I would argue that this conventional dimensionality, though useful for conversions, is potentially misleading, since there is a natural inclination to assume that two values expressed in the same units are comparable. On the other hand, if you consider what call full dimensionality, the difference and the reason for them becomes clear. So considering a mass ratio as M/M instead of just dimensionless, makes the distinction clear with a length ration which is L/L.

These of course are simple dimensionless numbers. Reynolds Number really is worth looking at as a more complex example. Reynolds Number for a pipe may be calculated as:



Q = volumetric flowrate (m3/s) Dimensions (L3*T-1)

D = the pipe diameter (m) dimension (L)

V = the kinematic viscosity (m2/s) dimensions (L2*T-1)

A = pipe cross-sectional area (m2) dimensions (L2)

So although the standard dimensionality is 0, the full dimensionality is:


Is a Maximum Allowable Working Temperature a Temperature?

Practical engineering quantities also present challenges. One example we used a lot was Maximum Allowable Working Temperature for a furnace tube.

Let’s consider an ordinary temperature first. A temperature is an intrinsic property of some physical object that can be determined solely by observing the physical object itself.

On the other, a maximum allowable working temperature (MAWT) depends on a number of different factors. As an example I will consider the maximum allowable working temperature of the furnace tubes for a Crude Distillation Unit.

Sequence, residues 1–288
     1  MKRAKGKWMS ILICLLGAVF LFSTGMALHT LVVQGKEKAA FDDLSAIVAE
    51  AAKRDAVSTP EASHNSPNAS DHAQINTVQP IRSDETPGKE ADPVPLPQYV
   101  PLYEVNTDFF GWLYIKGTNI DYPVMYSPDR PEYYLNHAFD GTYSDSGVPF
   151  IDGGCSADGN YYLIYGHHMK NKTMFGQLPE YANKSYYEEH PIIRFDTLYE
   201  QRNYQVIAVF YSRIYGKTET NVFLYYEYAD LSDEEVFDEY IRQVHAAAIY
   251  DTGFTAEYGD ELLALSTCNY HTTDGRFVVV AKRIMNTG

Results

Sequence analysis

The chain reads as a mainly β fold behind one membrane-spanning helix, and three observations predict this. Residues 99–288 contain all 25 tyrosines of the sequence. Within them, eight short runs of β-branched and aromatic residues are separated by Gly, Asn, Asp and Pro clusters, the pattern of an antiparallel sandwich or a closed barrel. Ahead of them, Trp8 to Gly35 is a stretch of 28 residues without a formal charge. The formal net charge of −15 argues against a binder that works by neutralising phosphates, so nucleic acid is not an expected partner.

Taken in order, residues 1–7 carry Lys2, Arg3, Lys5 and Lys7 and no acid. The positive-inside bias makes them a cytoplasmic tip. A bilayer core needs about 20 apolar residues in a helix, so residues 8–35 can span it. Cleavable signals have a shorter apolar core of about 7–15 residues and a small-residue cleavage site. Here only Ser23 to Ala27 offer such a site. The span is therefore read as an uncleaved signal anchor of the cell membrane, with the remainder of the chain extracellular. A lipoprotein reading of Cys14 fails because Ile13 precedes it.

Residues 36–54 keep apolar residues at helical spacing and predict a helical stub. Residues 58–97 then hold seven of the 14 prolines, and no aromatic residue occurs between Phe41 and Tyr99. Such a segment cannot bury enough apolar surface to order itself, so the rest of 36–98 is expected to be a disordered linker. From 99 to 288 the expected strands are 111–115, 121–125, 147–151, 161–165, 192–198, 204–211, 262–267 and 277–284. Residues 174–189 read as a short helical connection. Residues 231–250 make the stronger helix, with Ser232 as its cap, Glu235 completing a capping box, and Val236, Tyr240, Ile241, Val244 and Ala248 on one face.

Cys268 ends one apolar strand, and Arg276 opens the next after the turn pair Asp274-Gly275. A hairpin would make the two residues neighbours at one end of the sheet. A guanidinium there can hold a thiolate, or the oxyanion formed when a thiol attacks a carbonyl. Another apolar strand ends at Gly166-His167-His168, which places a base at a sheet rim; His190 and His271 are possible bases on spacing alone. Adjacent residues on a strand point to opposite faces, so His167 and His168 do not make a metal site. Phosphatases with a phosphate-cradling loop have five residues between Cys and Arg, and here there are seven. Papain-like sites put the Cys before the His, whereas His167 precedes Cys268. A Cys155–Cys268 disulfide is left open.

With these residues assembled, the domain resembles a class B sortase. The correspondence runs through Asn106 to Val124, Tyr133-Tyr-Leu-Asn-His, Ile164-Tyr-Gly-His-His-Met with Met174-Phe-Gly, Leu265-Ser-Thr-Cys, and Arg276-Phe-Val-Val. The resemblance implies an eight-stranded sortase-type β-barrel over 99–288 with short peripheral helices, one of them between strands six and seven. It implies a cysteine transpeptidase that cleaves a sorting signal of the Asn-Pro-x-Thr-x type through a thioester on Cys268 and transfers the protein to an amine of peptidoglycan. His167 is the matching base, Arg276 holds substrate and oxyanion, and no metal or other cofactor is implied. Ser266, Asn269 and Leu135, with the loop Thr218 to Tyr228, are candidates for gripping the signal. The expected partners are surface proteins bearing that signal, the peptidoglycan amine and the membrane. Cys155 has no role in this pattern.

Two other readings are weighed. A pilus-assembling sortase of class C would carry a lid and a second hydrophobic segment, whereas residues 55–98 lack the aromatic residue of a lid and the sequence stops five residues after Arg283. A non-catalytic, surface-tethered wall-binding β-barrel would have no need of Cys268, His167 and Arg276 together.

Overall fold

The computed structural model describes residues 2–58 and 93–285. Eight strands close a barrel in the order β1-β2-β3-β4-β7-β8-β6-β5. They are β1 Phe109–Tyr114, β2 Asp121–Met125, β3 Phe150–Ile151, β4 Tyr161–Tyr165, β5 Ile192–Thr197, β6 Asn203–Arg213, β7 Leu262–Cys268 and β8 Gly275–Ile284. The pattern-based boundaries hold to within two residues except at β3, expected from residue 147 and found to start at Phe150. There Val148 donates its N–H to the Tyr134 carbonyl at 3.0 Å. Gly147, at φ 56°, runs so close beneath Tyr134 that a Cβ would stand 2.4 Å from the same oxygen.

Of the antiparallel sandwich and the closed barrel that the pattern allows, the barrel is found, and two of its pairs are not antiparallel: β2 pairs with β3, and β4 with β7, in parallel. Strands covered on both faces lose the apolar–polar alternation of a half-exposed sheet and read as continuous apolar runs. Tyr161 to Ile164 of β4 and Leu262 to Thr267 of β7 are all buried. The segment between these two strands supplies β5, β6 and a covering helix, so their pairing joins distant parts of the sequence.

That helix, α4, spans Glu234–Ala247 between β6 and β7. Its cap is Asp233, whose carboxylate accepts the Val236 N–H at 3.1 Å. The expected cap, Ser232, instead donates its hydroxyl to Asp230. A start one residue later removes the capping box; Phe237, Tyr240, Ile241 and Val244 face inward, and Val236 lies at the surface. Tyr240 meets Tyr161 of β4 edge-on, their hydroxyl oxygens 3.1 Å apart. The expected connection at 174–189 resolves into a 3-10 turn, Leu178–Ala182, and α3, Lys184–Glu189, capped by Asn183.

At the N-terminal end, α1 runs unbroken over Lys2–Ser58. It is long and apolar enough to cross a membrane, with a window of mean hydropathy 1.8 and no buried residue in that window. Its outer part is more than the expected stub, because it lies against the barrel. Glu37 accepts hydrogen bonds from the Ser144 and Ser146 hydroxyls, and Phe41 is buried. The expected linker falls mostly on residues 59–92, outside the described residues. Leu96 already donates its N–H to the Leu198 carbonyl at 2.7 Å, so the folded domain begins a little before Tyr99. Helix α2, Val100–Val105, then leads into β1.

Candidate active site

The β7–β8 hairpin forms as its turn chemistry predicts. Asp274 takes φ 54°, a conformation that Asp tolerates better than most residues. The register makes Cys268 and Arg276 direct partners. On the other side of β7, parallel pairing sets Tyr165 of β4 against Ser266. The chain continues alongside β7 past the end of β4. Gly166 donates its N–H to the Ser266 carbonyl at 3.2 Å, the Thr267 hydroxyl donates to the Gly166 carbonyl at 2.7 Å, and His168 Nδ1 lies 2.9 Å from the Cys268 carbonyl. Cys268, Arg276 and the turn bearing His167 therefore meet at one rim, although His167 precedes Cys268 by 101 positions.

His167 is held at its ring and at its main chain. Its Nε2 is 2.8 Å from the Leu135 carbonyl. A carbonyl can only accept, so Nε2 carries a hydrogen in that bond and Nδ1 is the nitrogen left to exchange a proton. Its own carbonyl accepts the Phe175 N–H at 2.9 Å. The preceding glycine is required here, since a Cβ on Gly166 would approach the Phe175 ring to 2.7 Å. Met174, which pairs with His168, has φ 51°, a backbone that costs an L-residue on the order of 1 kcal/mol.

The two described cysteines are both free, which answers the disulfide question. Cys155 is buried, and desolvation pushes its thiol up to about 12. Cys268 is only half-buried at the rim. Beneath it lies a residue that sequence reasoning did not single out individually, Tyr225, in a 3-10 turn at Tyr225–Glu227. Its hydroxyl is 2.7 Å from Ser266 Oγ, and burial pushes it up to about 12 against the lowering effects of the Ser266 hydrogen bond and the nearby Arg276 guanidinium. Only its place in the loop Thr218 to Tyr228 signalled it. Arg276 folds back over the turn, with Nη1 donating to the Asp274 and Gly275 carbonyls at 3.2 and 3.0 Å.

The factors involved in determining the maximum allowable working temperature in this case are:

-          The creep rate/temperature function for the furnace tube material,

-          The actual wall thickness for the furnace tube,

-          The minimum safe thickness for the furnace tube, determined from maximum operating temperature and pressure,

-          The cost of replacing a furnace tube

-          The life required for the furnace tube, determined by the time between shutdowns, and the economics of replacing furnace tubes.

By the way, nothing dramatic happens if the MAWT is exceeded by a modest amount, the creep rate will increase and the life of the furnace tube is reduced.

What is clear is that Maximum Allowable Working Temperature is not an intrinsic property/quantity, since it depends on external factors beyond the furnace tube itself, so it is not an ordinary temperature, or a subtype of ordinary temperature, despite having the same unit of measure. However, it is also clear that a Maximum Allowable Working Temperature is comparable to an ordinary temperature, in that it makes sense to compare the actual temperature of a furnace tube to its Maximum Allowable Working Temperature and ask questions like whether the actual temperature is greater or smaller than the maximum.

The key lesson is that quantities are weird, especially when you start looking at practical engineering quantities, and that in particular you should be cautious about drawing conclusions from quantities being expressed in the same Unit of Measure.






Matthew West                           

Information  Junction